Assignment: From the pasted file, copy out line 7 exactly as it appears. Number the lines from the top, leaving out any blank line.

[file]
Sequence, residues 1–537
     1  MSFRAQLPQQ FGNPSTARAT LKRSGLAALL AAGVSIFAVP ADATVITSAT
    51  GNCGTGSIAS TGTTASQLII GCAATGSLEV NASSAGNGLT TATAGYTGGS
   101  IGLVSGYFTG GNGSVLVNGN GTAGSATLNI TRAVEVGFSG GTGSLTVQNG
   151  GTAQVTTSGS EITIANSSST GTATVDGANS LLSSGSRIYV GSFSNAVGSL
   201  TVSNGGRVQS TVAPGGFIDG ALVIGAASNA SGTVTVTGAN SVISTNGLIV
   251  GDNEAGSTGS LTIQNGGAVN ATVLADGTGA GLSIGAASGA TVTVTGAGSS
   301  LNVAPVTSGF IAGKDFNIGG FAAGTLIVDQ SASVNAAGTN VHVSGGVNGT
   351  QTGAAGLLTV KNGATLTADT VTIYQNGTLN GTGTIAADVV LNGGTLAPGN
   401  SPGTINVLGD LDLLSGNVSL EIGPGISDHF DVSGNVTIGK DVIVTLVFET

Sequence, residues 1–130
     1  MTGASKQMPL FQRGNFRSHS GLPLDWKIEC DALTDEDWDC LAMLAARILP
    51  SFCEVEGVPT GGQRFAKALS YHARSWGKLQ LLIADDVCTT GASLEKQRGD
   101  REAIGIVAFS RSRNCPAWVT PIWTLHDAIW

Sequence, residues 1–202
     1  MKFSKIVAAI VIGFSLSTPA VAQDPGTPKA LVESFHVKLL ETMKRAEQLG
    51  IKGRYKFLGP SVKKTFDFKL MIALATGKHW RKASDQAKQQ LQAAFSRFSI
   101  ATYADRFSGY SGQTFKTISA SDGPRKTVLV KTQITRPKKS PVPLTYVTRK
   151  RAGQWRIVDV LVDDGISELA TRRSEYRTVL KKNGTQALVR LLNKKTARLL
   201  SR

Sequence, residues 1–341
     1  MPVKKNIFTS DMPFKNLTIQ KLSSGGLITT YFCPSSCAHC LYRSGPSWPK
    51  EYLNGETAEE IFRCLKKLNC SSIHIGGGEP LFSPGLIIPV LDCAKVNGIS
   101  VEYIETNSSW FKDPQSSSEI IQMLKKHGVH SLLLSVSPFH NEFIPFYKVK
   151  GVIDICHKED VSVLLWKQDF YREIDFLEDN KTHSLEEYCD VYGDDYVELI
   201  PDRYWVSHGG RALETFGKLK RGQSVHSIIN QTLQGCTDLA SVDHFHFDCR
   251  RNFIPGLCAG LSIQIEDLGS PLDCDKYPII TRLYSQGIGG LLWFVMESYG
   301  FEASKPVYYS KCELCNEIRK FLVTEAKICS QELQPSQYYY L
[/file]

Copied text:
   251  GDNEAGSTGS LTIQNGGAVN ATVLADGTGA GLSIGAASGA TVTVTGAGSS